Cyprus, Egypt, France, Greece and UAE condemn Turkey's actions in eastern Mediterranean

Foreign ministers also accuse Ankara of exploiting migrant crisis in Europe

In this Tuesday, July 9, 2019 photo, a helicopter flies over Turkey's drilling ship, 'Fatih' dispatched towards the eastern Mediterranean, near Cyprus. Turkish officials say the drillships Fatih and Yavuz will drill for gas, which has prompted protests from Cyprus. (Turkish Defence Ministry via AP, Pool)
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Cyprus, Egypt, France, Greece and the UAE have condemned Turkey’s “illegal activities” and expansionism in pursuing natural gas in Cyprus' exclusive economic zone.

UAE Minister of State for Foreign Affairs Dr Anwar Gargash said the meeting on Monday was an attempt to highlight the importance of international law.

“The weight of the participating countries and their endeavour to enhance stability and the primacy of international law cannot be ignored,” he Tweeted on Tuesday. “[It was] an important platform established by the primacy of the language of international law over the laws of the jungle."

Representatives of the five nations held a teleconference to discuss what Cyprus says are six recent Turkish attempts to drill for gas in its territorial waters over the last year.

Turkey has declared areas around Cyprus stretching towards Libya part of its economic territory after signing an agreement with Libya last year.

Ankara says the deal, that also paved the way for it to deploy soldiers the war-torn country, grants it rights to drill in swaths of the eastern Mediterranean Sea. It would also scupper plans by Greece, Cyprus, Egypt and Israel to develop pipelines to Europe. Both Greece and Cyprus have led European criticism of the deal they say has no basis in maritime law and saying it contravenes international law and infringes on their own rights in the area.

Maritime borders and EEZs in the eastern Mediterranean Sea.
Maritime borders and EEZs in the eastern Mediterranean Sea.

However, Turkey hit back at the meeting on Tuesday, describing the five participants as forming “alliance of evil”.

In a strongly-worded statement, Turkish Foreign Ministry spokesman Hami Aksoy said the five countries were pursuing “regional chaos and instability” in the eastern Mediterranean and sacrificing Libyans’ “hope for democracy for the reckless aggression.”

Turkey first sent a drill ship escorted by a warship in July last year.

Turkish research vessels were also carrying out seismic surveys inside Cyprus’s economic zone.

Cyprus also considers that illegal and part of a “militarisation” by Turkey of the surrounding sea, putting “peace and security in the East Mediterranean at risk”.

After the conference, the ministers said Ankara’s activities represented “a clear violation of international law” as reflected in the UN Convention on the Law of the Sea.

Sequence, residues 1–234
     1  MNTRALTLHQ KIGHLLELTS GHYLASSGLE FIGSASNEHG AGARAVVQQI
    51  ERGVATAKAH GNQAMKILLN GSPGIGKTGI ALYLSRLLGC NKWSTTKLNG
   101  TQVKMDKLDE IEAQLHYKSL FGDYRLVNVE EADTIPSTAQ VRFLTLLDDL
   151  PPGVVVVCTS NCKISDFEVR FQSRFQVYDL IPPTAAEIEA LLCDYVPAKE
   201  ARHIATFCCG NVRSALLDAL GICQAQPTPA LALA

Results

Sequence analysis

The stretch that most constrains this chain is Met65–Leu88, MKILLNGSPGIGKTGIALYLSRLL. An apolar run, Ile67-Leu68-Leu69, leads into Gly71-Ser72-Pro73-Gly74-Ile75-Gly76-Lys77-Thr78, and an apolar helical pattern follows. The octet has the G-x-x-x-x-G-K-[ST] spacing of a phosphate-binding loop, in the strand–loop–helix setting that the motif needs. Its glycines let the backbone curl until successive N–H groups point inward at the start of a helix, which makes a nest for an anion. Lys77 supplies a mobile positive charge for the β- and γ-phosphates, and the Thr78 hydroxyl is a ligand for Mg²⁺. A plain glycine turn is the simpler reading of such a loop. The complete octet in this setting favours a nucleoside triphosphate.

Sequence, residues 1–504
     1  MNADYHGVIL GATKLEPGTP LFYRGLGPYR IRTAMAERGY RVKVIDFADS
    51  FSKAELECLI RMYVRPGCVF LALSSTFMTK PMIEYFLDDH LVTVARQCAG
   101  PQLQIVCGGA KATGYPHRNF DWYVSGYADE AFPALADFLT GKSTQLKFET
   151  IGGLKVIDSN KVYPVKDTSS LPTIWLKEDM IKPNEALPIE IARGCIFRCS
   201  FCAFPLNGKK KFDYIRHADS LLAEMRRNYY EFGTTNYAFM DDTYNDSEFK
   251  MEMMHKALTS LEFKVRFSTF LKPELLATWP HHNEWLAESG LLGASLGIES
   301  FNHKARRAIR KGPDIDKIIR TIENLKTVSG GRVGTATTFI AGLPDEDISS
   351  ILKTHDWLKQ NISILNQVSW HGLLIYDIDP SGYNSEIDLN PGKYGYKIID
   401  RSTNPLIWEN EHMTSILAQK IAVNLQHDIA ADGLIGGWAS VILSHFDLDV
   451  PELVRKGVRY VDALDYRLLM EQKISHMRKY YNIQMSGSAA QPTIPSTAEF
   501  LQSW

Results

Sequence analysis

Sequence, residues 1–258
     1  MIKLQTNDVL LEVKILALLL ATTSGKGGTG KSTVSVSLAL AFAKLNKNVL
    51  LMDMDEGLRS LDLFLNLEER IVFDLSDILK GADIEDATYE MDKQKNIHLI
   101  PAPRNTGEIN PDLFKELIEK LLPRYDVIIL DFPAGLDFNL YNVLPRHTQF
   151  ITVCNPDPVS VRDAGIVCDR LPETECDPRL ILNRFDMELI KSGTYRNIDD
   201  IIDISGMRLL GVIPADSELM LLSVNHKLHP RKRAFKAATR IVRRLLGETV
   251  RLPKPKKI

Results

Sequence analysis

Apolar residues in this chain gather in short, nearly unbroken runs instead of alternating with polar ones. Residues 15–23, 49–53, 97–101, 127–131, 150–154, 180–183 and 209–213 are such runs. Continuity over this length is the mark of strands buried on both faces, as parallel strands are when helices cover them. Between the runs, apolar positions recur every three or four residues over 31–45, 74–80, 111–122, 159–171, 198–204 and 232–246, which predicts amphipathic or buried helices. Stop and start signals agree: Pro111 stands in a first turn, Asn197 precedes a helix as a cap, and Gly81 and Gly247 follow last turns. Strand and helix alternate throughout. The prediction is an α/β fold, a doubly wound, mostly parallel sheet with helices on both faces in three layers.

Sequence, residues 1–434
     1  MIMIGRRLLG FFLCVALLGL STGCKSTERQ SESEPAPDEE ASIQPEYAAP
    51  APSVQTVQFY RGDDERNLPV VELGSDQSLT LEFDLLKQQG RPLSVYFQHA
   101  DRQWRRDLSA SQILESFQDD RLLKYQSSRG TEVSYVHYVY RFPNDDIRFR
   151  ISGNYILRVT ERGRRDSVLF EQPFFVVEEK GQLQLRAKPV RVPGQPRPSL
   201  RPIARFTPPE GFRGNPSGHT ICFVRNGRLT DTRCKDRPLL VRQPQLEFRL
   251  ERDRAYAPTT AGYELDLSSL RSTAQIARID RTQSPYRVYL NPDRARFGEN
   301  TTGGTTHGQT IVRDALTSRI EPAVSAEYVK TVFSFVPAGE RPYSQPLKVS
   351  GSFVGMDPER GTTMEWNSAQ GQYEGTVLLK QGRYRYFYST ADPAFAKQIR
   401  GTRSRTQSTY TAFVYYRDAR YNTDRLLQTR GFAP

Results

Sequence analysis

“The ministers called on Turkey to fully respect the sovereignty of all states and their sovereign rights in their maritime areas of the eastern Mediterranean," their statement said.

The officials also condemned Turkey’s “systematic exploitation” of migrants, by encouraging them to illegally cross the Greek land border and by sea to reach Europe.

The ministers denounced the escalation of Turkey’s breaches of Greek national airspace, including flights over inhabited areas and territorial waters in violation of international law.

On Libya, the ministers recalled the commitment to refrain from any military foreign intervention as agreed at the Berlin conference in January.

They condemned Turkey’s military interference in Libya, and urged Ankara to fully respect the United Nations arms embargo, and to stop the influx of foreign fighters from Syria to Libya.

These developments constituted a threat to the stability of Libya’s neighbours in Africa as well as in Europe, the ministers said.

The EU has repeatedly condemned Turkey’s exploration off Cyprus, saying the activity breached the sovereign rights of a member nation.

In February, the EU froze the assets of two senior officials from the state-owned Turkish Petroleum Corporation and imposed European travel bans on them.

Turkey has said it was acting to defend its rights and those of Turkish Cypriots to the area’s energy resources.

Ankara does not recognise Cyprus as a state and claims as its own much of the island’s economic zone, part of which it says falls within its continental shelf.

Cyprus was divided along ethnic lines in 1974 when Turkey invaded after a coup aimed at union with Greece.

Only Turkey recognises a breakaway Turkish Cypriot state in the island’s northern third.

Cyprus joined the EU as a whole in 2004, but EU laws and benefits apply only to Greek Cypriots in the south where the internationally recognised government is seated.